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The secret to successful hill-running
Years ago, before he became an Olympic coach, Alberto Salazar lost a high school cross-country race. It was a hilly course, with a substantial climb about 600 meters from the finish. The young Salazar was duelling with another boy, and thought he’d use the hill to administer the coup de grace. He took the lead, surged to the top. But then he got out-kicked on the flat, having spent too much energy on the hill. Chastened, Salazar never made that mistake again!
Runners have always had a special relationship with hills. But love them or hate them, there’s one thing for sure – you can’t ignore them! And the reason for that is simple – even a gentle hill has a massive impart on your energy expenditure and effort level.
Although some energy is used to generate forward propulsion, most of the energy expended during running is used to overcome the force of gravity. This becomes more apparent when you think about the running action, which involves a series of strides in which both feet are simultaneously off the ground – almost like a series of forward jumps. As you increase running speeds, there’s more forward propulsion, but crucially there’s also more vertical ‘lift’ required in order to lengthen the stride.
Gradient and energy requirements
The energy and therefore oxygen requirements for running are approximately given by the following formula:
Oxygen consumption = [0.2 x speed] + [0.9 x speed x gradient] + 3.5
NB – (oxygen consumption is measured in mls per kilo of body weight per minute, speed is in metres per minute and gradient is in % expressed as a fraction)
On a flat surface, we can see that oxygen consumption rises linearly with speed because if the gradient is zero, the second part of equation is also zero and oxygen consumption is simply 0.2 x speed in metres per minute + 3.5. At 1kmh (16.8 metres per minute) the oxygen required at 13kmh (~8mph) on the flat = 0.2 x 13 x 16.8 + 3.5 = 47mls/kg/min.
Add in some gradient however and things look very different because the ‘gradient’ part of the equation (the 2nd term) now kicks in, adding to the oxygen requirements. For example at 10% gradient and 13kmh, the equation now reads:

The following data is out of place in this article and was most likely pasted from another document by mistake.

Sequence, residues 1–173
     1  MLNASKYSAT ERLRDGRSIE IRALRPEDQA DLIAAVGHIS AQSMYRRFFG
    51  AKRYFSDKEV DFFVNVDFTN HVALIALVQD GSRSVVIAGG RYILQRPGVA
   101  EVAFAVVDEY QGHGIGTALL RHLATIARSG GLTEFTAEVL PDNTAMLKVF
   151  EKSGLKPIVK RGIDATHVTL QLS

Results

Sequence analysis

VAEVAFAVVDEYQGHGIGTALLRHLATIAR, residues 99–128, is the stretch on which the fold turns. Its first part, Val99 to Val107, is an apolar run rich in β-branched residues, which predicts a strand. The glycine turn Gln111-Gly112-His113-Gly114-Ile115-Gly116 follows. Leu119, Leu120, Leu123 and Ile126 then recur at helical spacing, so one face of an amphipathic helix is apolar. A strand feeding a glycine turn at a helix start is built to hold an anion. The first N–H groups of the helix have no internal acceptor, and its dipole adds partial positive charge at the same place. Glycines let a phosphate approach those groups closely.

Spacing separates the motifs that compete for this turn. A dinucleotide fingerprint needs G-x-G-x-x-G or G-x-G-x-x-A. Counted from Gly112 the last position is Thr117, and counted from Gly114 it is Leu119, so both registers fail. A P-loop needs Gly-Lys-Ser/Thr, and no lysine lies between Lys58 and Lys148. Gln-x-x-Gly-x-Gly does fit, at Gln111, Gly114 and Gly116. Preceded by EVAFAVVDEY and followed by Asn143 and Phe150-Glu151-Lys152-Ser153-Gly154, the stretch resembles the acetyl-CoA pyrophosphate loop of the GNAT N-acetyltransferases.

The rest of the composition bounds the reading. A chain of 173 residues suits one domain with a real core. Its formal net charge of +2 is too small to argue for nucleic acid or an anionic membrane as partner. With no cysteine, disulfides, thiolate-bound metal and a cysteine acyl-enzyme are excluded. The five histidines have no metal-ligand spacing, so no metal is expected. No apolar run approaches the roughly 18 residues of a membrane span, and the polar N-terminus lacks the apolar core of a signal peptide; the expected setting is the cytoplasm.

Oxygen consumption = [0.2 x 13 x 16.8] + [0.9 x 13 x 16.8 x 0.1(gradient)] + 3.5
= [43.5] + [19.5] + 3.5 = 66.5mls/kg/min
With a 10% gradient (which is not too steep), you now need 50% more oxygen to maintain the same speed!
Let’s suppose you’re a moderately fit runner with a maximum aerobic capacity (VO2max) of 55mls/kg/min. At 13 kmh on the flat, you would be using just over 80% of your VO2max, and should be able to keep going at that pace. But come that 10% hill, you’d be exceeding your maximum capacity and after a short period of anaerobic work, would be forced to slow down or even stop completely.
Changing the pace
Charging up a hill at the same pace you fun flats will soon get you in trouble. So another useful metric is to look at how much you need to slow your pace by when ascending a hill, in order to maintain an equal energy expenditure.
The figure below gives some examples for a runner who can maintain a 7-minute mile pace on the flat. Note that even for a relatively modest 10% gradient, he or she would have to slash the pace to 9 minutes 30secs per mile!
Running hills better
Coaches and scientists have long pondered best to manipulate hill pacing strategies in order to maximise the overall performance in an event. And as Rick Lovett explains in his forthcoming article in the next issue of Peak Performance, there’s more to this science than meets the eye.
In particular, it turns out that correct downhill pacing is just as important as the climbing segment of a hill. The good news for those who love (or hate!) running hills is that there are a numbing of coaching strategies and drills you can deploy to improve your hill-running prowess. Combined with the right hill tactics during a race, you can learn how to turn hills to your advantage – something even Alberto Salazar had to learn!